Laurel Harry to take over Literacy Council

Published 12:00 am Friday, December 25, 2020

SALISBURY – Rowan County Literacy Council Executive Director K.C. Scott is stepping down and Program Coordinator Laurel Harry will take over.

The change, announced last Friday, will be effective Jan. 1.

Scott said she originally planned to leave so she could spend more time supporting her own children. She lives in Cabarrus County, which began the school year with all remote learning.

She resigned in mid-October and was originally planning to not work for a period, but she was offered a position by Big Brothers Big Sisters of the Central Carolinas. She will mostly be working from home, but if she has to  go to the office it is seven minutes away instead of 40.

“My intent was actually to resign and stay home for a while with everything happening with the school system,” Scott said, adding both her children have been struggling either personally or academically with remote learning.

Scott said much of her job with the council could be done remotely, with the organization opening back up it was not the right move to stay only to be torn between work and home.

While she has been with the literacy council, Scott started the youth literacy program.

“Kids in need are sort of my thing,” Scott said.

Scott said she was hoping Harry would take over and had her in mind when she resigned.

“I was hoping she would have said something, but she didn’t,” Scott said. “And so I asked her if she would consider taking over the position because she is so capable and she knows the organization and loves the organization.”

Scott said she and Harry are a team and she feels they have accomplishments to show for the four years they have worked together.

Harry said the council was contacted by North Rowan High School earlier in the semester because the school staff felt some students were not thriving in the hybrid schedule environment Rowan-Salisbury Schools has adopted during the COVID-19 pandemic.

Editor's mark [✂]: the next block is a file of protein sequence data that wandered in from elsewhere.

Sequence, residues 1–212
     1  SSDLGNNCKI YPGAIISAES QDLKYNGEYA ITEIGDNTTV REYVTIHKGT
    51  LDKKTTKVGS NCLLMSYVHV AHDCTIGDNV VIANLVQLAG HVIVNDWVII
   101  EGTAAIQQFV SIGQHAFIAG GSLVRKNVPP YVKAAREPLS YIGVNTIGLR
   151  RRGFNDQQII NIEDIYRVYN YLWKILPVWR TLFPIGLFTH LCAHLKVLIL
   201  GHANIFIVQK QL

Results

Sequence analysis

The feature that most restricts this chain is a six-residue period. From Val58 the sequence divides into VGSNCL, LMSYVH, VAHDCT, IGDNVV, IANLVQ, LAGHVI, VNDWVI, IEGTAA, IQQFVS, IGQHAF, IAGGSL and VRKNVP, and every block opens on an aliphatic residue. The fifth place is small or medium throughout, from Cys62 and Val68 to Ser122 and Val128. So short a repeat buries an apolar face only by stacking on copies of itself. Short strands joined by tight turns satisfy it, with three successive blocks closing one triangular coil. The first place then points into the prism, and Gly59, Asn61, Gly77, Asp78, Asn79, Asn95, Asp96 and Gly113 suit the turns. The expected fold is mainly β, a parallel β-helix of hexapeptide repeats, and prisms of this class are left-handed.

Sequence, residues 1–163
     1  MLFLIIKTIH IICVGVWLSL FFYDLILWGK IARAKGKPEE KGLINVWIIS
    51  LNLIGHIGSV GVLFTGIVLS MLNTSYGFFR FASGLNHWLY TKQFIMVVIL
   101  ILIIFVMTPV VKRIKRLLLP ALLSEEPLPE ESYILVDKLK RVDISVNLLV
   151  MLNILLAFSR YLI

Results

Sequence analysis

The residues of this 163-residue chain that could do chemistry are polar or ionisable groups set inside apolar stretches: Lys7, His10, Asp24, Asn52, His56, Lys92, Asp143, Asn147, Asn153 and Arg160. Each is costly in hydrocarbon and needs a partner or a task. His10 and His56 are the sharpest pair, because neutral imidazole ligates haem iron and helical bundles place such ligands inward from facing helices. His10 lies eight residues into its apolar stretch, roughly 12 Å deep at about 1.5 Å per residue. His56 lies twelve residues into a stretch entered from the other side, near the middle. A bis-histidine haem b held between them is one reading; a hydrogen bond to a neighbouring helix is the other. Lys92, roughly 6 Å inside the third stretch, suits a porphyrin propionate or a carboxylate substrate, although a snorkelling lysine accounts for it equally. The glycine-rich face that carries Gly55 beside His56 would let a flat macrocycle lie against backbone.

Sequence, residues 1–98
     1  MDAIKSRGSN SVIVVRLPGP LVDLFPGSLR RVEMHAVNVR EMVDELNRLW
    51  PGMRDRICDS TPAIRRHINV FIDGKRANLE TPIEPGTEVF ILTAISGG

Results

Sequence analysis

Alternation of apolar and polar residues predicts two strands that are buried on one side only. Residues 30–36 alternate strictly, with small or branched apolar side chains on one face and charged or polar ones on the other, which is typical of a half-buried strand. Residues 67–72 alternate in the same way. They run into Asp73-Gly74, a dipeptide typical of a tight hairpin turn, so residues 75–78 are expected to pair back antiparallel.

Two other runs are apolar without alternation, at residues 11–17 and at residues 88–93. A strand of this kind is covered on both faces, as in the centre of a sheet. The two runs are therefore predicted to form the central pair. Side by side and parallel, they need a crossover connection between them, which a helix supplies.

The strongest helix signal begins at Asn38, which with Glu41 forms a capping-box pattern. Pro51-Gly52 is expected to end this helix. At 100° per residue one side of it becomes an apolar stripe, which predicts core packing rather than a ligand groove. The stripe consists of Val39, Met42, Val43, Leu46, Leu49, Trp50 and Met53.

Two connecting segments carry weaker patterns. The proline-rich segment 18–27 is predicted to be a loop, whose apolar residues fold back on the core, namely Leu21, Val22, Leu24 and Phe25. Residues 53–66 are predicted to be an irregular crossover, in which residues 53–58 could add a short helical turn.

“We put out a call to our existing tutors and also just the community, and recruited a pretty sizable pool of tutors who, in pretty short order, started tutoring over at North Rowan.”

Harry said the school knew which students were behind in what courses and exactly what they needed help with, so it made it “plug and play” for tutors to go in and help students.

That program, “Cavs After Hours,” is ongoing. On Wednesday the council announced a grant from local law firm Wallace and Graham as well.

The literacy council posted the position and Scott kept asking Harry to consider the position.

Scott will not disappear completely. She has a youth literacy student she will keep tutoring every week.

“I’ve loved working for the organization,” Scott said.

Harry began in her position in 2017. She said being in that role has given her an understanding and appreciation for the council.

“It’s a different hat, but I feel like my time spent as the program coordinator has equipped me with such a good understanding of the organization,” Harry said.

For most of its history, the literacy council strictly focused on adult literacy, helping local adults with basic education or English language learners, but in 2016 it added its youth literacy program.

The youth literacy program started at elementary schools, eventually expanded to middle schools and the program at North is its first partnership with a high school.

“It’s really in response to this new and urgent need that has been created by the pandemic,” Harry said.

About Carl Blankenship

Carl Blankenship has covered education for the Post since December 2019. Before coming to Salisbury he was a staff writer for The Avery Journal-Times in Newland and graduated from Appalachian State University in 2017, where he was editor of The Appalachian.

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